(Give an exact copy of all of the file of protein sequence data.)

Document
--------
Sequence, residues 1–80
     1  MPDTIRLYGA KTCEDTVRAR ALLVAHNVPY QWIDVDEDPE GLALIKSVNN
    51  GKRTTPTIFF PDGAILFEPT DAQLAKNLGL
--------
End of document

Sequence, residues 1–80
     1  MPDTIRLYGA KTCEDTVRAR ALLVAHNVPY QWIDVDEDPE GLALIKSVNN
    51  GKRTTPTIFF PDGAILFEPT DAQLAKNLGL